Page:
And beginning in 2006, Medicare-approved private health plans will begin to compete in the marketplace for the business of our seniors; by winning that business of our seniors, these private plans will receive the Medicare subsidies that would otherwise have gone to the Medicare bureaucracy.

By definition, conservatives believe a market is preferable to a monopoly–and for the first time, a government entitlement program is losing its monopoly. While the legislation rejected the broad idea of all-out competition pushed by House GOP conservatives, it does provide for limited competition starting in 2010. Conservatives would be wise to support and protect this reform, because you can be sure liberals will try to kill it before it is even born.

Another way to defeat liberalism is to make sure the citizenry understands its costs. Again, this bill brings us closer to that goal. Upper-income seniors–those earning $80,000 or more–will have to pay higher premiums for Medicare prescription-drug coverage starting in 2007. Liberals are apoplectic about this proposal; they fear that upper-income seniors will drop out of Medicare for cheaper and better private coverage, depriving the government monopoly a stream of revenue and a base of support. They are right to be afraid; that is precisely the point.

The liberals certainly get it. Senator Ted Kennedy called many of the above-mentioned reforms “destructive changes in Medicare” that were driven by “a right-wing ideology that says government insurance is bad and private insurance is good.” Senator Hillary Clinton called the legislation a “privatization scheme.”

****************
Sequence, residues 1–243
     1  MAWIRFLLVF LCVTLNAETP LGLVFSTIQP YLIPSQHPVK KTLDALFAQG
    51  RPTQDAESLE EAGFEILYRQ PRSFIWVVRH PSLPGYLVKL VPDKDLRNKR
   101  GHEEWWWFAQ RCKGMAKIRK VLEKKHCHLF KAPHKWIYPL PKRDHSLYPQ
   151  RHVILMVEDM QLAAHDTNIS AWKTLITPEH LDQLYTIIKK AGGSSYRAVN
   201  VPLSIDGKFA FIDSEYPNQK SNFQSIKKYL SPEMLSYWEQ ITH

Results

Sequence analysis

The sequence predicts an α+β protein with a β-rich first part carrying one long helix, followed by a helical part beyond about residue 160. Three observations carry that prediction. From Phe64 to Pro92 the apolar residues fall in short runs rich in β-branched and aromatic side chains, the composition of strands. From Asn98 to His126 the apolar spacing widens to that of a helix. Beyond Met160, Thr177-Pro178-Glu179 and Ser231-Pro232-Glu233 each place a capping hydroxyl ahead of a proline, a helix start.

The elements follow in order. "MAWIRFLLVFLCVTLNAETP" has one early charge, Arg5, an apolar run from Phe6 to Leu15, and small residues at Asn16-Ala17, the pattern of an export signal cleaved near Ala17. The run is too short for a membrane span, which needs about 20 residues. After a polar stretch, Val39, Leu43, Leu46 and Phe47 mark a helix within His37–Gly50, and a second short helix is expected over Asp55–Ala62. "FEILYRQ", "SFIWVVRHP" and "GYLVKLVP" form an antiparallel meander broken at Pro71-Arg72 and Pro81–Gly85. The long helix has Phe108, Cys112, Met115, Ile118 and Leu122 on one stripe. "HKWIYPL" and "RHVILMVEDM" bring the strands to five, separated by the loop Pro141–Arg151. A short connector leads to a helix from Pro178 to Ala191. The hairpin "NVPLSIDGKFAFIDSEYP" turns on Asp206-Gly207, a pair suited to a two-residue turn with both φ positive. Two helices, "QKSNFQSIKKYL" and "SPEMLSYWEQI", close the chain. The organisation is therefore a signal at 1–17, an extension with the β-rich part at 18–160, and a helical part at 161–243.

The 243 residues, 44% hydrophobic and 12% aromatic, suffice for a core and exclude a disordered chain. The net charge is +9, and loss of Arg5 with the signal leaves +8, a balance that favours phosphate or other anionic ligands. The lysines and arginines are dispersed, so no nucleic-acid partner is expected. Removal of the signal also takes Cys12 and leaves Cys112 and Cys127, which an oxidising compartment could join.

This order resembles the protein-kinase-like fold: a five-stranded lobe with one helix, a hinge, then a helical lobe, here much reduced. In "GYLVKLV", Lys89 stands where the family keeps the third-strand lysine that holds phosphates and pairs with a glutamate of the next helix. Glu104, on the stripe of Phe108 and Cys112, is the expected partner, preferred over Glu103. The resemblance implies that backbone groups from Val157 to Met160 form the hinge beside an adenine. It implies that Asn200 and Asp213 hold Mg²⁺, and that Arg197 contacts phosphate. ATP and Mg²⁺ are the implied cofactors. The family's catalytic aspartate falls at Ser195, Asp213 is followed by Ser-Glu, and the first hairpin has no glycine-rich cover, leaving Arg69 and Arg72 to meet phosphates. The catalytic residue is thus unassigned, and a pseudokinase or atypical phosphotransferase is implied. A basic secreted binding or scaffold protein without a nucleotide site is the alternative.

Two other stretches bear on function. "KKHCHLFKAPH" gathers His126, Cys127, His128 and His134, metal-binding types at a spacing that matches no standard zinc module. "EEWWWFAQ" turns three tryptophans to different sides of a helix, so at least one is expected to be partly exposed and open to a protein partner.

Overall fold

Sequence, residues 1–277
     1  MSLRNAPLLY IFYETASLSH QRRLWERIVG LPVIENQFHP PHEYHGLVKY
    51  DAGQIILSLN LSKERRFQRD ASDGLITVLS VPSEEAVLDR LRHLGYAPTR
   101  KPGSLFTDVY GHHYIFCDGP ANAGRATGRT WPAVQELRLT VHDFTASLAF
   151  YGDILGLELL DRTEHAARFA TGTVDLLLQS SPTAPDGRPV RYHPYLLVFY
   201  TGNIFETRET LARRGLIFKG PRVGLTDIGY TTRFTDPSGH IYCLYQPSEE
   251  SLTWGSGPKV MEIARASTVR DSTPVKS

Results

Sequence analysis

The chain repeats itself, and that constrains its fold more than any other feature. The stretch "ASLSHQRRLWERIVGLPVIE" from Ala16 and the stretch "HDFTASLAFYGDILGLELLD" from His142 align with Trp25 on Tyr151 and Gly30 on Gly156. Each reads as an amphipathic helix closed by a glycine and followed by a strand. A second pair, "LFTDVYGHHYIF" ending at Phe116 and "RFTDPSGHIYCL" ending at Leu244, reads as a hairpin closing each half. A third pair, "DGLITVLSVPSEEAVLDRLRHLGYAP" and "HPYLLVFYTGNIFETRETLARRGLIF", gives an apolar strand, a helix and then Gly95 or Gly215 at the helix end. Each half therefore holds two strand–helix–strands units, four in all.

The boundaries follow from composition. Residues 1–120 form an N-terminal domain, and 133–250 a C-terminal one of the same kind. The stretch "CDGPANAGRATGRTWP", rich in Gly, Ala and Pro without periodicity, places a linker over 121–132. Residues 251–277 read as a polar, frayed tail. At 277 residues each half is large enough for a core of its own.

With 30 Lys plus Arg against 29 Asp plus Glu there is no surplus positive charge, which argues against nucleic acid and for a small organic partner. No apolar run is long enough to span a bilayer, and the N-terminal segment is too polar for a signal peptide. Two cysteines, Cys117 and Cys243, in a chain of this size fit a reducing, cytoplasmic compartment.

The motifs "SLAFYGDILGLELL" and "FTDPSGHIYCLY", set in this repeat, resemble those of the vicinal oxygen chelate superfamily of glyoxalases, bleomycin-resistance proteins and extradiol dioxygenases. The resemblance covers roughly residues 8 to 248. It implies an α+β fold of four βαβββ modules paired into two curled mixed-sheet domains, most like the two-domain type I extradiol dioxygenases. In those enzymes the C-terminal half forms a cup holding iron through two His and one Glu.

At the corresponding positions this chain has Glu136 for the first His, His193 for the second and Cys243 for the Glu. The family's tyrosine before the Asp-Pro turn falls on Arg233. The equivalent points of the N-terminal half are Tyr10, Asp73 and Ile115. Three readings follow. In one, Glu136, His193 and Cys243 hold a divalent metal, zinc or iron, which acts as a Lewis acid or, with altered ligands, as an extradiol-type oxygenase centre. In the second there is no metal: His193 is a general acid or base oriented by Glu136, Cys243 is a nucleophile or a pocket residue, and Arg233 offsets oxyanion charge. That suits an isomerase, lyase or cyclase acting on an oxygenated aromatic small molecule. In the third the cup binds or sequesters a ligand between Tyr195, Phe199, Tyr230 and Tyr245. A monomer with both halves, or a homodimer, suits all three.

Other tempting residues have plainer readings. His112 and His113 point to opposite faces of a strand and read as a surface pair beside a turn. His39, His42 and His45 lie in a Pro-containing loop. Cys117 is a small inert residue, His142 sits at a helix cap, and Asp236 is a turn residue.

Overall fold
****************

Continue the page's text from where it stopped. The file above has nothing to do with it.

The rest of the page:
The rhetoric is overblown, but the sentiment is real. The Democrats hate this the reform and will attempt to resurrect their idea for a $1 trillion government-run drug benefit, complete with controls over drug prices and drug research. They will do this not only because they support massive health-care spending by the government, but also because this is a major victory for the president: No one thought you could bring reforms to a government entitlement program. President Bush did. His success with Medicare will surely embolden him and his allies as they consider reforms to Social Security. Conservatives do not yet appreciate this point, but Democrats clearly do.

Conservatives may grumble about the cost of this Medicare bill. But it is not the “vast expansion of the welfare state” they fear. Instead, this Medicare law strengthens our private health-care system, creates incentives for competition and a consumer-driven approach to health care, and gives our seniors the full measure of modern medicine that has been promised to them. We need not make the perfect, or near perfect, the enemy of the good.

Cesar Conda, formerly assistant to Vice President Cheney for domestic policy, is a board director at Empower America.

Cesar Conda — Mr. Conda, formerly assistant for domestic policy to Vice President Cheney, is a founding principal of Navigators Global, a Washington, D.C.–based public-affairs firm.